Cool. Thanks Jared. Thanks for having me one as well. So yeah, my name's Jess Belliveau. I work for Apptio as an infrastructure engineer. Yeah, Jordan?

Jordan Simonovski:

I'm Jordan Simonovski. I work as a systems engineer in the observability team at Atlassian. I'm a bit of a jack of all trades, tech wise. But yeah, working on building out some pretty beefy systems to handle all of our data at Atlassian at the moment. So, that's fun.

Angad Sethi:

Hello everyone. I'm Angad. I'm working for Easy Agile as a software dev. Nothing fancy like you guys.

Jared Kells:

Nothing fancy!

Jess Belliveau:

Don't sell yourself short.

Jared Kells:

Yeah, I'll say. Yeah, so my name's Jared, and yeah, senior developer at Easy Agile, working on our apps. So mainly, I work on programs and road maps. And yeah, they're front end JavaScript heavy apps. So that's where our experience is. I've heard about this thing called observability, which I think is just logs and stuff, right?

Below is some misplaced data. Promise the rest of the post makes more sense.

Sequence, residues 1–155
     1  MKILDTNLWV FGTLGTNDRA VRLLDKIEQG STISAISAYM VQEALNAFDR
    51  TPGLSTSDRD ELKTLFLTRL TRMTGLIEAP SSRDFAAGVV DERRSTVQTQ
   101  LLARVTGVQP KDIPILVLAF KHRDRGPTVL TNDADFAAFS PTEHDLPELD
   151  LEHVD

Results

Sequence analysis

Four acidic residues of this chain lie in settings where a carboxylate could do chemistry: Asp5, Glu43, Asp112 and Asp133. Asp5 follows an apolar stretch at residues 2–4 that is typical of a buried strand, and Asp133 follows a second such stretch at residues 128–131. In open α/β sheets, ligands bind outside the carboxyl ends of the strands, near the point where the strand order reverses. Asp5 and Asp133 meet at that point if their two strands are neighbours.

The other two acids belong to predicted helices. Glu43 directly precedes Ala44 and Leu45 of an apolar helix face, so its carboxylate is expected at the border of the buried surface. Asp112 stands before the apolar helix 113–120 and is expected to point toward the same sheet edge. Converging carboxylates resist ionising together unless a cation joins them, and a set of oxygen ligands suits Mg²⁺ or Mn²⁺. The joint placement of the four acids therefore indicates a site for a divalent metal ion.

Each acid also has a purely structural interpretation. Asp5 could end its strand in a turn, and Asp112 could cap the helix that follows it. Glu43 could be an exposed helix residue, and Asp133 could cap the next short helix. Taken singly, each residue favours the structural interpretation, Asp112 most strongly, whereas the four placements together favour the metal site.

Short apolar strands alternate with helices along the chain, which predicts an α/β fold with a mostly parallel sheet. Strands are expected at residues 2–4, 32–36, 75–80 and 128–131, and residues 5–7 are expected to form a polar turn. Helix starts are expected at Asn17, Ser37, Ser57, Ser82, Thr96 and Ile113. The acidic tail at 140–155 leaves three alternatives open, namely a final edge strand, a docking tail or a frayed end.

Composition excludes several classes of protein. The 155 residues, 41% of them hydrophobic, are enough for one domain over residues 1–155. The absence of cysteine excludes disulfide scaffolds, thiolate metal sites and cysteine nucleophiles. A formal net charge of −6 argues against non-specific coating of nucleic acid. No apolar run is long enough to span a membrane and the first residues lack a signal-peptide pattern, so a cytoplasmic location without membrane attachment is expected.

Jess Belliveau:

Yeah, yeah. That's it, we'll wrap up!

Jared Kells:

Podcast over! Tell us about observability.

Jess Belliveau:

Yeah okay, I'll, yeah. Well, I thought first I'd do a little thing of why observability, why we talk about this and sort of for people listening, how we got here. We had a little chat before we started recording to try and feel out something that might interest a broader audience that maybe people don't know a lot about. And there's a lot of movements in the broad IT scope, I guess, that you could talk about. There's so many different things now that are just blowing up. Observability is something that's been a hot topic for a couple of years now. And it's something that's a core part of my job and Jordan's job as well. So it's something easy for us to talk about and it's something that you can give an introduction to without getting too technical. So we don't want to get down. This is something that you can go really deep into the weeds, so we picked it as something that hopefully we can explain to you both at a level that might interest the people at home listening as well.